CHAOSTOCOSMOS

Wednesday, 23 June 2010

A festival look

image Couldn't help giggling at this in The Guardian:

Round my way, a festival look is at least three sweatshirts, a bad pair of jeans, lame wellingtons from the high street that leak because you were too cheap to go Hunter, hair that hasn't been washed for three days, eyes that haven't been shut for four, and a palpable air of despair of ever seeing your home and, more importantly, your bed and indoor plumbing again.

It also strikes me as somewhat absurd that I keep coming across this term to describe clothing for sale on eBay. Personally, I try to keep to a casual, unkempt look all of the time and can't help thinking that "special" festival clothing is aimed at merely "part-time hippies": those who spend their weekdays in dull grey worlds, wearing dull grey suits and ties to the accounts department.

Oh, like I used to to 20 years ago. In that sense I'm fortunate now.

Then the other week, while I was waiting for a bus at Southampton station, there was a motley group waiting for the free bus to the ferry port. Since the general fashion trend - at least amongst the girls - seemed to be summer frock, absurdly decorated wellies, plastic mac and backpack, I had a mental smile to myself as I reckoned they must be going to the Isle of Wight Festival.

See I remember enduring a whole weekend of, fortunately, Knebworth Dust (well, face it, it could so easily have been Knebworth Mud) and the utterly disgusting "Stupid People Toilets" to see Led Zeppelin back in 1979.

That dust remained in my blankets, my clothes and pretty much all of my orifices for almost as long as the memory of the event has remained and, if  there's one thing I can see as positive about "old age" it is that I have no more desire to attend such events ever again. At least not in the UK climate!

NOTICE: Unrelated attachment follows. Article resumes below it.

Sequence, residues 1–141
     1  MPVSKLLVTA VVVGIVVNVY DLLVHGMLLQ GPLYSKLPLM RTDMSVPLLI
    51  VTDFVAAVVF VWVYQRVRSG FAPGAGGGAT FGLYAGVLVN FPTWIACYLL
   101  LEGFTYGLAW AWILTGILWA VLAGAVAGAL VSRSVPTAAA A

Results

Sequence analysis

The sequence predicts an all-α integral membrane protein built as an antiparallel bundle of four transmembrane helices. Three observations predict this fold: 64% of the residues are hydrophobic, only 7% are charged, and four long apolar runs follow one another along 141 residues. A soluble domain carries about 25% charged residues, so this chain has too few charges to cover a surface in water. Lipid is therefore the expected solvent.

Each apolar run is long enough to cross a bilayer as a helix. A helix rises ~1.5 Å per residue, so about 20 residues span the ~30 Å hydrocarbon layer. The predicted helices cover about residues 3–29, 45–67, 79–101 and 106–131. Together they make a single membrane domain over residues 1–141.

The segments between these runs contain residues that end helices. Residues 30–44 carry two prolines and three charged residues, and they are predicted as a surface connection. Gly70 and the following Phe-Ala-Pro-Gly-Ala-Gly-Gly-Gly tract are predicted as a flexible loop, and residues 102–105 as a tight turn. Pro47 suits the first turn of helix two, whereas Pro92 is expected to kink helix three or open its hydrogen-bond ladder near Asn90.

Tuesday, 1 June 2010

Inter-species wrestling

Many's the time I used to wake up to scenes where Balu and Holly would be play wrestling.

For 13 years Holly and I were virtually joined at the hip. I felt safe with her and I loved that dog more than life itself and never more so than when she adopted and took on the job of being mother to those kittens.

She would watch them, keep them under control, the cats would come in and hide somewhere safe if Holly barked a certain way (even when they were all grown up), she'd tell them off if they scratched the furniture, she brought them back if they wandered too far, she'd wash their little bottoms and she would play with them, teaching them to "ruff and tumble."

Balu especially, who would be on his back and Holly would nuzzle into his floofy belly. It always made her sneeze incessantly and her nose would wrinkle, which always gave the impression that she was giggling. In fact, I almost believe she was. Balu was clearly enjoying himself too, because he made no objection and didn't dig his claws in her snout as she virtually used the fluffy mog as a feline floor mop!

How I miss waking up to such loving scenes.

But as much as they should be really wonderful memories, remembering is not yet a pleasant thing. I wonder if it ever will be? Still now though it only brings with it a painful, aching longing, a huge lump in my chest and throat and a reminder of the massive void in my life that she filled.

I was with Holly when I had to have her put down in 2008 - because at the last, at least I could do that for her and never desert her -  but I cannot get over it. Every time I think of her, I can see the expression on her face that day. It still comes to me in flashbacks at inappropriate times during the day and it comes to me as nightmares at night. It haunts and terrorizes me.

And I have no idea how I can make it better.

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